Getting old

26 August, 2008 at 1:06pm | Life

Amstrad Ebay

I learned how to code on the Amstrad CPC 464. Used to be mad for the system when growing up, read and re-read magazines, and spent hours playing a lot of very bad games. Plus a few good ones, mind. I think I only stopped using it in 1994, when we got our first PC.

Fast forward fourteen years, and things are very different. Whilst I used the CPC well past it’s best (commercial software dried up in 1991), since then it’s only had a passing interest. Cool stuff going on with it on the internet like SymbOS, CPCZone and CPCWiki kind of passed me by.

It was a couple of months ago that my interest picked up again. I was showing a colleague the CPC3D emulator I wrote a few years ago, on one slow night whilst we were waiting for a build to be approved. I then spent a little while seeing what’s going on with the CPC. SymbOS I first read up about a couple of years ago, a very impressive coding feat. CPCZone is kind of interesting, mainly just nostalgic reminiscing about the old machine. What sucked me in though was EBay.

I remember in the early 90’s when the 8-bits were coming to the end of their life, you had labels like Codemasters releasing budget games. For usually two or three pounds each. A godsend when you’re on pocket money. Many of them were very good games too. By this stage of the machine’s life though older software from around launch time was hard to come by. The machine was initially released near the end of 1984, with a bunch of software from Amstrad’s own publishing label: Amsoft. The internet consensus is that some of the worst games were released on this label, but I beg to differ. Many of the ones I had were real enjoyable, fun games to play.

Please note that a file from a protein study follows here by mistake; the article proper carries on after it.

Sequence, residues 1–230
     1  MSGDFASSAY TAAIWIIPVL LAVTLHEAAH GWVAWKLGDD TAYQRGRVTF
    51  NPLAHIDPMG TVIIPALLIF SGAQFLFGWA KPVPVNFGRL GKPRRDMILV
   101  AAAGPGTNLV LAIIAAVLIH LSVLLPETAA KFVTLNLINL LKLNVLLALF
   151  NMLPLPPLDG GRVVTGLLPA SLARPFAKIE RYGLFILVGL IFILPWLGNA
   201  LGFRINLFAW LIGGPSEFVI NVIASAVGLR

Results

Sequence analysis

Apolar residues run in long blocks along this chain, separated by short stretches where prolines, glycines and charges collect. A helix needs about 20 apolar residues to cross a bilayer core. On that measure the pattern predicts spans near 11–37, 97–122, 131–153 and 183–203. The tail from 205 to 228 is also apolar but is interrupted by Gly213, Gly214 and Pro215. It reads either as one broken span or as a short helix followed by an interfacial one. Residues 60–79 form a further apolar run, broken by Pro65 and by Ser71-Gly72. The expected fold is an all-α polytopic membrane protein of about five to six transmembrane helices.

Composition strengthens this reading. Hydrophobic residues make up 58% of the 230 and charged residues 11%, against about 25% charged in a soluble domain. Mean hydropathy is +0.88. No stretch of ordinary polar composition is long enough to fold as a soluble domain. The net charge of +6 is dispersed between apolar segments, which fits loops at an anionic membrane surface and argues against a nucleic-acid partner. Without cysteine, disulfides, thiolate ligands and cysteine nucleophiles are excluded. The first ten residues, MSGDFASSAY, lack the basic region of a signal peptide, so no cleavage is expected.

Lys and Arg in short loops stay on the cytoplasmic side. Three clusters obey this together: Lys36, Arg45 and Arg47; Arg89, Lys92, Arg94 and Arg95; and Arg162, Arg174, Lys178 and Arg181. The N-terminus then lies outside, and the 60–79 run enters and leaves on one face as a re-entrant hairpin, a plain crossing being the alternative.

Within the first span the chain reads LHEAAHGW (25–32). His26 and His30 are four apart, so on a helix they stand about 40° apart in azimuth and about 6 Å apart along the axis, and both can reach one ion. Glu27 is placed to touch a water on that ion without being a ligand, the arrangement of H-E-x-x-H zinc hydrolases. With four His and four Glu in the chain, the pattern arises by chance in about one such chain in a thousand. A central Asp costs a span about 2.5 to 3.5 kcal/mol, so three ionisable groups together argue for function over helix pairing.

Having old magazines listing the Amsoft games, I’d always wanted to get a few more, ones I’d liked the sound of. “Oh Mummy” was one that I’d always wanted. I first got to play that game on an emulator, in the late 90’s. No store near me whilst growing up stocked the old Amsoft titles. Once I remember there was a place that sold the disc versions of them, but at a ridiculously high price. But that was it.

Disc version? Yes, the vast majority of stuff I had wasn’t on disc. It was on cassette tape. Games took ten to twenty minutes to load, and you had to endure the modem-like screeching noise of the data being read from tape. Yes, I’m that old. Retelling this to some of my younger colleagues here, I felt positively ancient. Reminded me of teachers at University letting us know about the early days of programming with punch-cards. Ghetto stuff.

So yeah, after seeing some cheap Amsoft games on ebay I thought I’d like to try buying a few. From the image in this post, you can see though that the high-end price is a little ridiculous. Remember, this is for a cassette tape! I bought a number over the past few weeks, ranging from a few pennies each up to I think maybe $20 (USD) for the most expensive one. They have pride of place in my little bookshelf at home now, quite unique items to have in the United States. The CPC was never released out here.

By the way, the $67 game is ‘Roland Goes Square Bashing’. It’s actually one I wanted to purchase, but I really couldn’t justify spending that on a cassette tape that would sit on a shelf.

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